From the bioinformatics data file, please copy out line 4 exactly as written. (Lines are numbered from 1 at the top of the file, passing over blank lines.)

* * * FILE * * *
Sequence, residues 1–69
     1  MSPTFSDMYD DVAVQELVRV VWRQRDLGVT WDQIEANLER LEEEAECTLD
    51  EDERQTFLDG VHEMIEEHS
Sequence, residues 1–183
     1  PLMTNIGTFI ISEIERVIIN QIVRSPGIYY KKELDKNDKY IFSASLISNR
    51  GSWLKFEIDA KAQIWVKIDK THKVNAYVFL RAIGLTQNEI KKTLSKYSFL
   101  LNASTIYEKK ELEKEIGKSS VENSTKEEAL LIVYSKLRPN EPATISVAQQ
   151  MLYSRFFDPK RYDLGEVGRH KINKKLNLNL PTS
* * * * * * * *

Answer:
Sequence, residues 1–183